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State of Alabama appeals Obama appointee’s ruling striking down safeguards against voter fraud

Alabama Secretary of State John H. Merrill on Wednesday confirmed to Yellowhammer News that a controversial federal court opinion issued Monday evening regarding Alabama’s absentee voting process has been appealed to a higher court.

United States District Judge for the Northern District of Alabama Abdul K. Kallon issued a memorandum opinion striking down certain absentee balloting requirements for the state’s upcoming July 14 runoff election.

The order affected “at least” Jefferson, Mobile and Lee Counties, whose local election officials were named as defendants along with Merrill as the state’s chief election official.

Kallon, an appointee of then-President Barack H. Obama, ordered defendants not to enforce the state’s absentee voting requirement of each absentee ballot being notarized or signed by two witnesses for any voters “who determine it is impossible or unreasonable to safely satisfy” this requirement.

Next, the judge decreed that defendants not enforce the absentee voting requirement of each absentee ballot being accompanied by a copy of the respective voter’s valid form of photo ID. This portion of the order, however, only applies to voters aged 65 or older, or disabled, “who determine it is impossible or unreasonable to safely satisfy that requirement in light of the COVID-19 pandemic.”

Signed statements “under penalty of perjury” are required to be submitted by absentee voters taking advantage of either one of these two portions of the order.

The Kallon ruling would also allow for statewide “curbside voting” at in-person polling locations.

Merrill in a statement to Yellowhammer News said that the Kallon ruling has been appealed to the U.S. Court of Appeals for the 11th Circuit. The Alabama Attorney General’s Office is representing the defendants in the case, as the State itself is also technically a defendant.

“We have appealed the judge’s ruling to the Eleventh Circuit. We will continue to prepare for the administration of the election,” stated Merrill.

In a phone interview with Yellowhammer News following up on this announcement, Merrill emphasized he could not discuss some specifics he would otherwise like to share due to the nature of ongoing litigation.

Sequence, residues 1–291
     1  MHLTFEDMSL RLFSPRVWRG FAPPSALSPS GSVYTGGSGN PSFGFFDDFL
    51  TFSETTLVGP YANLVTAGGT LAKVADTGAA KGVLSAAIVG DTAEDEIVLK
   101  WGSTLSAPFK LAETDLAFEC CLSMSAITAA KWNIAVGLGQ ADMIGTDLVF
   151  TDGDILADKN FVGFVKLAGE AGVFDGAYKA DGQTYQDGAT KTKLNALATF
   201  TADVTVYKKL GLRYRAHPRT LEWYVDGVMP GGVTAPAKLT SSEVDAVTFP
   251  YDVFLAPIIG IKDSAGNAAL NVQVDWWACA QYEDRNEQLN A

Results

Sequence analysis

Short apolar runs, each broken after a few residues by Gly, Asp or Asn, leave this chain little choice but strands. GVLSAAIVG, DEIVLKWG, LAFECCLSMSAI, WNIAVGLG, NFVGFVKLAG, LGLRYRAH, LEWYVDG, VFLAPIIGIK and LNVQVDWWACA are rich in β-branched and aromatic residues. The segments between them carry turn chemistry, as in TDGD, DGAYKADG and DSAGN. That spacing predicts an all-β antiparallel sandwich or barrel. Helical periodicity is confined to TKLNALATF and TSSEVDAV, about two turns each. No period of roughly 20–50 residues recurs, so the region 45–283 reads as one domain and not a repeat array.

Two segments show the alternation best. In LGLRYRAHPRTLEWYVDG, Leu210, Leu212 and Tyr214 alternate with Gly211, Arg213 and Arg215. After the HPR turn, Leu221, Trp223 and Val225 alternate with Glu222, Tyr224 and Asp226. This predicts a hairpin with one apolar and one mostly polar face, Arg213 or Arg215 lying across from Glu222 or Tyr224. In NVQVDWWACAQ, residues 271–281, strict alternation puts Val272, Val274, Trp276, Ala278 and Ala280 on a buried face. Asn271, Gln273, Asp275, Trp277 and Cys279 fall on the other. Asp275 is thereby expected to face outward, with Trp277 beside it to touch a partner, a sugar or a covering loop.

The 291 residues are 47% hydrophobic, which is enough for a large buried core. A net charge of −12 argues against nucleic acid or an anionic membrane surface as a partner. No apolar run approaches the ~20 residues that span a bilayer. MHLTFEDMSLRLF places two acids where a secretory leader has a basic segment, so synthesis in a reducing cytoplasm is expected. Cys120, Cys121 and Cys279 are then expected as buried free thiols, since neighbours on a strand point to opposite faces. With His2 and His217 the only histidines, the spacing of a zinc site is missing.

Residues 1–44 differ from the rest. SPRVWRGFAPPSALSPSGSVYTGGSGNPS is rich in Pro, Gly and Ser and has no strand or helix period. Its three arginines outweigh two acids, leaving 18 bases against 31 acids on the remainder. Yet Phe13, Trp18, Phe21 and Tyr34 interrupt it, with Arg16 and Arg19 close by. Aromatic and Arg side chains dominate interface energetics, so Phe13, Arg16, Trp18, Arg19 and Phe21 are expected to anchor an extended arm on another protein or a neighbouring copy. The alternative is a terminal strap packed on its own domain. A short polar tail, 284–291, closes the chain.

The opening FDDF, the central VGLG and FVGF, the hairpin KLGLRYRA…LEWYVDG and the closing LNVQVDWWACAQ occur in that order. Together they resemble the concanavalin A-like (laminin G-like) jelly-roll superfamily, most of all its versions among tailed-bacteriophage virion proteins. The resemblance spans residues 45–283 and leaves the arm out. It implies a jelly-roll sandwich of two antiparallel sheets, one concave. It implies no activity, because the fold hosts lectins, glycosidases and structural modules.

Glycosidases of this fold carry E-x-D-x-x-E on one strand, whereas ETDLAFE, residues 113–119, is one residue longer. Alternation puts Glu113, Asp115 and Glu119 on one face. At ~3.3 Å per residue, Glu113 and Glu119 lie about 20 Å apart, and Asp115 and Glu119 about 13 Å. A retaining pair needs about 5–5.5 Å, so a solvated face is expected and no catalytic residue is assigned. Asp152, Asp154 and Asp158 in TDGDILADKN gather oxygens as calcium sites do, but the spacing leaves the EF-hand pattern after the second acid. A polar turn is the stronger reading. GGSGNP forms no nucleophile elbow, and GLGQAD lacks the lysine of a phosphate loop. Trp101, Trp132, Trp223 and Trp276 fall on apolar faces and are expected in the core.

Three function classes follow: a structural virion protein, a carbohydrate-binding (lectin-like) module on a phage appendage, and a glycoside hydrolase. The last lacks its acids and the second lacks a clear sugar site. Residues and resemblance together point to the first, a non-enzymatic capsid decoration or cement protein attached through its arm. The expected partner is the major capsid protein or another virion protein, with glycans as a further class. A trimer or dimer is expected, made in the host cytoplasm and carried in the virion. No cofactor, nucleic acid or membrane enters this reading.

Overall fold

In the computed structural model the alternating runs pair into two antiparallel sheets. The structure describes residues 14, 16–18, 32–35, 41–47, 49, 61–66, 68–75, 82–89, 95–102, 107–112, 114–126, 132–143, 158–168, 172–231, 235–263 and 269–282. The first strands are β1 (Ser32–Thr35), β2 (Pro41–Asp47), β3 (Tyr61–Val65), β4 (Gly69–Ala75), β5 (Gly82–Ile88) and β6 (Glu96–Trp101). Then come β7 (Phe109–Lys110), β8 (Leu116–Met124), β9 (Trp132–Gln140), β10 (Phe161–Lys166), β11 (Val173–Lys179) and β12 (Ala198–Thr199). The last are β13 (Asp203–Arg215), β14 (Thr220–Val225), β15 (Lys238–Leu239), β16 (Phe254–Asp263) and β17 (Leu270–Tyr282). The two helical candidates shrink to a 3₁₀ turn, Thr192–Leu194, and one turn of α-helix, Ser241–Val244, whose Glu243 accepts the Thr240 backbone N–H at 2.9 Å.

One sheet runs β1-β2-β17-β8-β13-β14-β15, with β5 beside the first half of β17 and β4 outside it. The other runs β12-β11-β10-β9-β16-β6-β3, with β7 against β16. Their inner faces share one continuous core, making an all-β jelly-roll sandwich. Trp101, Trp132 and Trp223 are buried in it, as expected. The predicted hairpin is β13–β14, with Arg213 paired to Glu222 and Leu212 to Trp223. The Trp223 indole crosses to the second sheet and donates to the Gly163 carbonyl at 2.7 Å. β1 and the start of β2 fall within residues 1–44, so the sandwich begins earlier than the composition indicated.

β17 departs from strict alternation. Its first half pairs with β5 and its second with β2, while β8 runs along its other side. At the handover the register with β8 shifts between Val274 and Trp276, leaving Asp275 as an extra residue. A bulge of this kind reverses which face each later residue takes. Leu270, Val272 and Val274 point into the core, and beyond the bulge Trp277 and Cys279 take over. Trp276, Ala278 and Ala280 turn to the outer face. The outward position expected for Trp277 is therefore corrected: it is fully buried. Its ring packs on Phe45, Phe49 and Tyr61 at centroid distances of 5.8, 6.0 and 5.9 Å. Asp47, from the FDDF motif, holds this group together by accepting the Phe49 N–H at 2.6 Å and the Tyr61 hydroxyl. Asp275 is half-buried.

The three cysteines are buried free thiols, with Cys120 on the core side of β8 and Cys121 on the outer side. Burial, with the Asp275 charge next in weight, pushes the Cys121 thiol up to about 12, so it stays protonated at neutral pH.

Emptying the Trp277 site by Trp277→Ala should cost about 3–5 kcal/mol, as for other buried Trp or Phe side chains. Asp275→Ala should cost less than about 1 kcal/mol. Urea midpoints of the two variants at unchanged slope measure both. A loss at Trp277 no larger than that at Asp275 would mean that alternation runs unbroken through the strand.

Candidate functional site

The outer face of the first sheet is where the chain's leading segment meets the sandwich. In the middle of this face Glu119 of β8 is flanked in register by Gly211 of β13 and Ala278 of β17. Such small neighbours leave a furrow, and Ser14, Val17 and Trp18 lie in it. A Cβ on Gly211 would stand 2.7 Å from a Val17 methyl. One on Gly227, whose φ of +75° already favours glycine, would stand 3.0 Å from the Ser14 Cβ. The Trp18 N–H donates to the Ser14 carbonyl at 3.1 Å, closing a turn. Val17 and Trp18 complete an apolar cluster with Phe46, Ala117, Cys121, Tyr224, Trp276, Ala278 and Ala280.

However, Merrill was able to point out a head-scratching portion of Kallon’s ruling.

While the Code of Alabama states, “Voters voting an absentee ballot shall submit with the ballot a copy of one of the forms of [valid photo] identification,” Merrill advised that voters either disabled or aged 65+ are already provided an exemption to this requirement under the same section of state law.

This exemption states that eligible Alabama voters covered under the federal Voting Accessibility for the Elderly and Handicapped Act “shall not be required to produce identification prior to voting.” This federal law explicitly covers anyone aged 65+, as well as anyone “having a temporary or permanent physical disability.”

Speaking to this aspect of Kallon’s ruling, Merrill added, “I don’t have to tell anybody that. That’s clearly written in the law. And it’s on the [absentee ballot] application itself when you’re checking which box (excuse) you’re going to use and why. I think that’s important to note.”

Regarding the Kallon ruling allowing “curbside voting,” Merrill commented, “There is no provision in the law, no statutory authority, that grants the permissive use of curbside voting in Alabama.”

“We were disappointed in the initial ruling from the judge, but we have made a formal appeal,” the secretary of state outlined. “Our chief legal counsel continues to work with the office of the attorney general. They’re very able attorneys who are leading this effort as we take it to the panel for the 11th Circuit. We don’t know who will be on that panel yet. That has not been introduced to us nor do we know when the 11th Circuit will take it up for debate.”

He continued, “But this is what we do know: we will continue with the administration of the election as scheduled. And we will ensure that we have a safe, secure and fair election with integrity and credibility.”

In a statement on Wednesday afternoon, former U.S. Attorney General Jeff Sessions backed Merrill on the issue.

Sessions’ full statement as follows:

This lawsuit has been funded and driven by hard-left advocacy groups like the SPLC. This is another part of an agenda driven by the extreme left that weakens voter integrity, and seeks to remove Alabama’s strong photo voter ID law and eventually do away with polling places altogether. I have fought against this agenda my entire career. The integrity of the ballot is essential. Alabama’s procedures are well-established and have been upheld as constitutional.

Now, while the Court strikes down the legitimate security provisions in Alabama’s election law, liberal Democrats continue to push this absurd idea that we stop having polling places and that all ballots just be mailed out, indiscriminately, to every voter at their last known address. Such a policy cannot be secure.

We need an honest and fair election. Alabama’s current law is perfectly reasonable, and Secretary of State John Merrill has done an outstanding job in overseeing this election during extraordinarily unusual circumstances.

This last-minute decision results in less security in the ballot process and creates confusion and uncertainty in the last weeks of the campaign. Attorney General Steve Marshall is right to quickly file a notice of appeal seeking an immediate reversal of Judge Abdul Kallon’s decision.

Sean Ross is the editor of Yellowhammer News. You can follow him on Twitter @sean_yhn

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